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What is Agriculture and Food Science?

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  • Written By: Mary McMahon
  • Edited By: O. Wallace
  • Last Modified Date: 06 November 2016
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Agriculture and food science is a field of study which focuses on improving the productivity, quality, and safety of agricultural practices and practices related to bringing food from farm to table. Many colleges and universities offer training in this field, as do some technical schools and specialty high schools. Many people working in this field have a bachelor of science degree in agriculture and food science, although some of the leading individuals in the field have graduate level degrees.

This field of study is quite large. Agriculture and food science covers topics such as: farming practices; crop yields; crop harvesting; transport of harvested crops; food safety on farms, during transport, and in markets; preparation of packaged foods; animal husbandry; safety of the meat supply; food preparation; and nutrition. Someone who works in agriculture and food science may be found anywhere from an experimental orchard, developing new fruit cultivars, to a company which makes frozen dinners.

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One aspect of agriculture and food science is the security of the food supply. Keeping food supplies safe and reliable is not just important for the health of citizens, it is also an important aspect of national security. Nations with unstable food supplies may need to rely on imports, grants of aid, and other assistance from beyond their borders, and this could expose them to security risks. These risks can range from extremely high prices for imports which drive up the cost of food to a point where ordinary citizens cannot afford staple foods to restrictive agreements with governments offering food aid.

Agriculture and food science is also concerned with studying nutrition, the role that food plays in society and public health, and in educating the public about food topics. Education includes nutritional outreach in schools, cooking classes, and education about food safety topics in schools and facilities which prepare and serve food. Other food science jobs can include things like developing new crops, working on marketing campaigns for food products, and developing land use policy to promote sustainable farming practices.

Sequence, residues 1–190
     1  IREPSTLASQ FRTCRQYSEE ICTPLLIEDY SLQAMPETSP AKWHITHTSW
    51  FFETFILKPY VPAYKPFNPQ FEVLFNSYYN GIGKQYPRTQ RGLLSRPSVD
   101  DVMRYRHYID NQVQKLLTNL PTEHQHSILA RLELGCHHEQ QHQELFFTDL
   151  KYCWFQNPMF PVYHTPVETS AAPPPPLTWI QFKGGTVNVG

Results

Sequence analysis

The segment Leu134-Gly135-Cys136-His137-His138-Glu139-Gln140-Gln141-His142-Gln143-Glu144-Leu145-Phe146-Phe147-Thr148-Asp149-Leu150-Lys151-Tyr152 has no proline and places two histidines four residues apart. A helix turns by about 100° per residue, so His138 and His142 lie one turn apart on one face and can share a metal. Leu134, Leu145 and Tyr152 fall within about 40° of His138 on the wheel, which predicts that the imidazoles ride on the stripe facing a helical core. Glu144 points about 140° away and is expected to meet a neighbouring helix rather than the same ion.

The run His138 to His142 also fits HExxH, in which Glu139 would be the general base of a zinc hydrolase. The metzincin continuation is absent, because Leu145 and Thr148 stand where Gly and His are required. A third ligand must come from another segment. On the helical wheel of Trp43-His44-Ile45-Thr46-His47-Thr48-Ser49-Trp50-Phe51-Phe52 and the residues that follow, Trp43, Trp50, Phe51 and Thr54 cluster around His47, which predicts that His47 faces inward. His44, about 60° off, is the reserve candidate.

Many people in the field of agriculture and food science are interested in either food itself, or agricultural practices. However, these interests are not necessarily required, as this field includes topics like anthropology, studying how different cultures handle food and food topics to learn more about how to help these cultures improve agricultural practices, along with fields such as genetic engineering, economics, and political science.

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Ana1234
Post 3

@pleonasm - Yeah, I don't know if food science is always that innovative. I imagine a lot of it is based around food preservation or increasing yields in agriculture and things like that.

I know a lot of research goes into making foods as palatable as possible, but to some extent that always seemed quite cynical to me. I wouldn't want to be the scientist who realized mixing gelatin into yogurt would improve the texture.

pleonasm
Post 2

@pastanaga - Food science technology is so varied they probably have all kinds of different machines to help them do various experiments. I was listening to a podcast where they described the kitchen where these scientists practiced different gastronomy experiments and it sounded amazing. They had machines that would freeze liquids instantly and machines that could grind anything into a powder and so forth.

I think they were probably doing experiments that were a little bit more exciting than the average food scientist though.

pastanaga
Post 1

My best friend's partner used to work for a company that researched food and agriculture science, although I don't think he was a scientist himself. He worked on getting grant money for the company or something like that.

But he once let us both into the building after hours and it was absolutely fascinating. I'd always thought it would just be a bunch of chemicals and test tubes or maybe a test kitchen or something, but they had a whole building devoted to meat processing with different kinds of strange machinery. Apparently they have to do different tests on meat after they change the conditions for raising the cows so they can see if there is more fat or more lean muscle or whatever.

To be honest, it was a lot scarier than I was expecting. It looked more like something a serial killer would have in his basement than a place where modern science takes place.

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